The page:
Citizenship, Representation and Gender
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University of Warsaw
Publication date: 2011-01-04
Polish Sociological Review 2010;172(4):367-390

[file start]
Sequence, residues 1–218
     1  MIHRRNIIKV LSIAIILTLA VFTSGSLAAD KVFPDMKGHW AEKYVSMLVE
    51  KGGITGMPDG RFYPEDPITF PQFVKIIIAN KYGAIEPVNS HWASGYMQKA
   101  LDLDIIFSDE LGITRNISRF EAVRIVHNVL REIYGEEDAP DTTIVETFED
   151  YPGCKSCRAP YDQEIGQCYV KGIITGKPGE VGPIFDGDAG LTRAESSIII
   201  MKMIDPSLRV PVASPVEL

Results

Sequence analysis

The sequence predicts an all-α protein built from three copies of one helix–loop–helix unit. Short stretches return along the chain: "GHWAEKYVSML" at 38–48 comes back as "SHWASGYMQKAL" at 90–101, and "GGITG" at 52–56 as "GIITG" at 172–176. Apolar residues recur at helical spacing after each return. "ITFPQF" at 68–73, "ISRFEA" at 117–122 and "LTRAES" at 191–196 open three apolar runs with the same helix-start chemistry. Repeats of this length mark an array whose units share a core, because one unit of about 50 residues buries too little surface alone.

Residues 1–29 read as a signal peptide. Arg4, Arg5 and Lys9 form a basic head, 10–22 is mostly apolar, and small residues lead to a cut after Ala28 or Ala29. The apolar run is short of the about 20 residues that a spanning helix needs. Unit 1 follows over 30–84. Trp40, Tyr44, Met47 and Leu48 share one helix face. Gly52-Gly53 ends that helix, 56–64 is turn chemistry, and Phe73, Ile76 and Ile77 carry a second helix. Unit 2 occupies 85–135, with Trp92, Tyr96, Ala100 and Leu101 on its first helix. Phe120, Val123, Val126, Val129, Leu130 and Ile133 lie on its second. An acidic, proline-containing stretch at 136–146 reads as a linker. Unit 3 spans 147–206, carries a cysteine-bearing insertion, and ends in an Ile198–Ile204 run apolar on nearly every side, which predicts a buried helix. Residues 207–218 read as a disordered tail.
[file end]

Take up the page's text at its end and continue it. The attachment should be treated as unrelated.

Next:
The political transformations of late 1980s and early 1990s marked a ‘new political opening’ for Central and Eastern Europe. In each country of the region, a new institutional order was built in its specific historical and cultural context. However, all countries disregarded the problem of gender balance in bodies of power. As a result, the share of women in descriptive representation shrunk considerably throughout the region. Initially, all countries had a low percentage of women at power but the situation began to diverge over time. This paper presents research findings from a study of women and men parliamentarians in Poland, Latvia and Macedonia, focussing on political representation and, in particular, on barriers which obstruct women’s more active involvement in the public sphere as well as actions, such as quotas, aimed to mainstream gender equality into politics. The problem of women’s participation in the legislature as well as barriers to women’s involvement turned out to bring in an interesting differentiation into gender equality discourses in the three countries under study.
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